whale. But in being carried by the whale he is actually saved from
drowning. It is along these lines that we must analyse the story of
the "Whale Rider". Freud had realized the import of the death theme,
but no modern Freudian wants to recognize his notion of Thanatos.
Therefore one can argue that modern Freudians try to 'avoid the real
unconscious' by not accepting the immense and painful role of the
individual's journey by which he breaks loose from collective identity
and therefore becomes capable of rejuvenating culture himself. He is
no longer dependent on the powers that be, and his culture can evade
the destiny of becoming a museum piece, and the people drowned in grey
consumerism mass-culture.

Paikea represents the birth of the self-willed individual. Thus, the
story compensates the tendency of collective identification in this
fairly primitive ethnic group, a disposition which makes them unable
to cope with modern times. Comparatively, the Americans are very
fixated on the hero myth, judging from the Hollywood productions and
the worship of the young self-made individual. I believe this is
because there is a strong tendency of regression in modern
mass-culture. There is certainly a primitive tendency in American
culture, and in their variegated ethnicity, which, due to the danger
of regression, poses a threat to individual accomplishment. This is
being compensated in hero worship.

Today, it seems, there exist two camps: (1) the Father Complex camp,
which consists of traditional Freudians, Tea Partyers, Conservative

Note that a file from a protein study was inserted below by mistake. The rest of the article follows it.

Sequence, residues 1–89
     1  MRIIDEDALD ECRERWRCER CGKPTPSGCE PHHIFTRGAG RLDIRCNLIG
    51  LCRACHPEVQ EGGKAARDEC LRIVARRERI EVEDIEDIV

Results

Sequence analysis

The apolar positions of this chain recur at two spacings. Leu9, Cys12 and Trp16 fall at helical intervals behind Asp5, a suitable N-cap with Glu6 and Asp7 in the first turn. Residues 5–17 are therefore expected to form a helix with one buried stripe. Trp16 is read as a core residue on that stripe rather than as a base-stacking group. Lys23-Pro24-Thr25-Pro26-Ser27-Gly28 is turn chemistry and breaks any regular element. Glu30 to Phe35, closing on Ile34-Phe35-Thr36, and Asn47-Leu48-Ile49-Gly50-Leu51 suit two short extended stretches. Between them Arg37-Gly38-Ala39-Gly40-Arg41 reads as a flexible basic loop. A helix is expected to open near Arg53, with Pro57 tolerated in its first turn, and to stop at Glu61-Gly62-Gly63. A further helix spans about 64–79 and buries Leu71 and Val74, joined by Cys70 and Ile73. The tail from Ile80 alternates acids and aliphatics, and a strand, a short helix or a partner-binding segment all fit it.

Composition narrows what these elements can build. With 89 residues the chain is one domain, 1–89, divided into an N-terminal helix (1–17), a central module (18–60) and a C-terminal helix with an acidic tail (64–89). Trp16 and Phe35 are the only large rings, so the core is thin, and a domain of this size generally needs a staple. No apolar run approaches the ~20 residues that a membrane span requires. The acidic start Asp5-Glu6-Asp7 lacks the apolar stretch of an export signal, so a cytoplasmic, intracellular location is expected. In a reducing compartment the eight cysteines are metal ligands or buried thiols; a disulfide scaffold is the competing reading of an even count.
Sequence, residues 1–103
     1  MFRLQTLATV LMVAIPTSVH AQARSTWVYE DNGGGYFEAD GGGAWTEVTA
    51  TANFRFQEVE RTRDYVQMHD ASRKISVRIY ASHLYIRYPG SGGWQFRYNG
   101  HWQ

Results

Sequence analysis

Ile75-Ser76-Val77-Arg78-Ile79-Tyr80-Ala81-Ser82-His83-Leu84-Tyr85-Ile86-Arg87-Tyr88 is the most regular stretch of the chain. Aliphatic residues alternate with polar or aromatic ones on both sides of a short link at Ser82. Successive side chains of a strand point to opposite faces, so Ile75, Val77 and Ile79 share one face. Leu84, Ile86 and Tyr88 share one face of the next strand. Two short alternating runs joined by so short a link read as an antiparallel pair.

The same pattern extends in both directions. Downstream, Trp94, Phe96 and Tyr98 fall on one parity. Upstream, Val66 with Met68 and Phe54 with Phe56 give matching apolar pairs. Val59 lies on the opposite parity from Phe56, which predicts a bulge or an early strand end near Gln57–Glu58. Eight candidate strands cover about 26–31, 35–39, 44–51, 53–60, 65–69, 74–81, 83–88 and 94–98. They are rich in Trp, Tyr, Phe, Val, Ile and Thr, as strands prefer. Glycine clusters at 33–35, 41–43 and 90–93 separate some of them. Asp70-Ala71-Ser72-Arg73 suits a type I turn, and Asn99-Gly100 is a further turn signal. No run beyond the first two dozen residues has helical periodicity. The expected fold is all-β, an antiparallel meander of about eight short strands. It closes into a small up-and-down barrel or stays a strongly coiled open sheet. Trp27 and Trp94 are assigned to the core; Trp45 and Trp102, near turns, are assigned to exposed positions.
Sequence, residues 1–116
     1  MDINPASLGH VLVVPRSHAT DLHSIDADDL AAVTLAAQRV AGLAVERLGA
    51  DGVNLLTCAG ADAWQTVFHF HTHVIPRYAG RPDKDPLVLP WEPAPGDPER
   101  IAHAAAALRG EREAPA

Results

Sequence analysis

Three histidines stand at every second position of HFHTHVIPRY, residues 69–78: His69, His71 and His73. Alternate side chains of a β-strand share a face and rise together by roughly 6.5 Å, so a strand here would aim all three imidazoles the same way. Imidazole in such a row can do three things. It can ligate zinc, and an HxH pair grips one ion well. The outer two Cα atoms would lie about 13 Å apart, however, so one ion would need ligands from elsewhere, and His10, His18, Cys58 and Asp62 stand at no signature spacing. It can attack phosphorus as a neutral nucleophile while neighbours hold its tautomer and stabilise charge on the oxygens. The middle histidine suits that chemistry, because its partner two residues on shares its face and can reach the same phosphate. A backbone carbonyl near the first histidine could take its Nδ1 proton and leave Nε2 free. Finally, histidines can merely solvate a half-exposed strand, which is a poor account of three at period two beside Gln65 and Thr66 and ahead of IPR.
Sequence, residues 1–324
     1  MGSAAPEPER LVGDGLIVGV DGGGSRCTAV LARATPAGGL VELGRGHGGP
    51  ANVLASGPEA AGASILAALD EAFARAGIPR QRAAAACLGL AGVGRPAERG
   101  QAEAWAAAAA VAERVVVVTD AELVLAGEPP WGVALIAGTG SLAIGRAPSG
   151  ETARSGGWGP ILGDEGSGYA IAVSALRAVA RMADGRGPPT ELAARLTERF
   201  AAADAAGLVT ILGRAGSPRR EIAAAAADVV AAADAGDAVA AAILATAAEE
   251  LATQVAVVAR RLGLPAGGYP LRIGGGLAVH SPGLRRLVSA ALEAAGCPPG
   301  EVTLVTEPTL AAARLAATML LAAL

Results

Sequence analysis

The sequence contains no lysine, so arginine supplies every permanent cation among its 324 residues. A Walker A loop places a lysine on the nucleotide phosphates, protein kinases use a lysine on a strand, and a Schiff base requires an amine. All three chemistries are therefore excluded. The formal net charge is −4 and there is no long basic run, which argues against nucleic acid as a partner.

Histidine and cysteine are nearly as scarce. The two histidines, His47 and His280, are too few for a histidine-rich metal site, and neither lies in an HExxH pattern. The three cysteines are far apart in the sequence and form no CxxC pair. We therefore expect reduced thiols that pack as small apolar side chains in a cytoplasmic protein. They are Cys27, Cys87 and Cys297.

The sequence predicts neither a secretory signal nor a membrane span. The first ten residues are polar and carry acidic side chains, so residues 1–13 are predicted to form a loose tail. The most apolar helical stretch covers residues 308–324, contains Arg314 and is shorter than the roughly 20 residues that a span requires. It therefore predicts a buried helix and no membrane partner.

Judaists, etc., and then there is (2) the Mother Complex camp, which
contains the multiculturalists, leftists, French philosophers,
Gutmenschen, etc.

But people must go beyond those opposites and learn to relate more
individually to reality, which is what the Whale Rider is really
about. We learn what is true from our own heart, not merely from The
Book (the Father complex camp) or from political correctness and
social adjustment (the Mother Complex camp).

As we all know, women are more prone to belong to the latter group,
and men to the former. Women are fixated on social adjustment whereas
men can become quite theoretical. A man who has read about Marxist
analysis, or whatnot, will always analyse all of reality from this
narrow perspective, which is very silly, really.

In our civilization the ideal of individuation is Jesus who said that
"I and the Father are one". This means that he was his own father. The
outer father, in whatever sense, is therefore outmoded, as is bookish
literalism. The individual can take fully charge of his own life when
he realizes that the father is not separate from him. Then he is also
capable of altering psychological theory, because theory will never be
static. Then he is no longer a slave to any tenets or dogmas, whether
Marxist, Islamic or Christian, because the Kingdom is within.

Paikea becomes the ityphallic god herself. Normally, when human heroes
aspire to divinity, they are cast down from heaven and drown in the
sea, like Bellerophon or Icarus. But Paikea survives because this is
her true destiny. She is later washed ashore and can return to human
life. In the heroic tale, and in the whale riding experience, the
connection between humanity and the divine sphere is restored.

The feminine hero seems to affect people, as in the Millennium books
and the upcoming film "The girl with the dragon tattoo". This is
coupled with the backward condition of women, and how some of them
today struggle to break free of collective identity to acquire a true

(c) Mats Winther, Nov 2010

Wed Nov 24, 2010 7:35 pm
Profile WWW
Display posts from previous:  Sort by  
Reply to topic   [ 1 post ] 

Who is online

Users browsing this forum: No registered users and 1 guest

You cannot post new topics in this forum
You cannot reply to topics in this forum
You cannot edit your posts in this forum
You cannot delete your posts in this forum
You cannot post attachments in this forum

Search for:
Jump to:  
Powered by phpBB © 2000, 2002, 2005, 2007 phpBB Group.
Designed by STSoftware for PTF.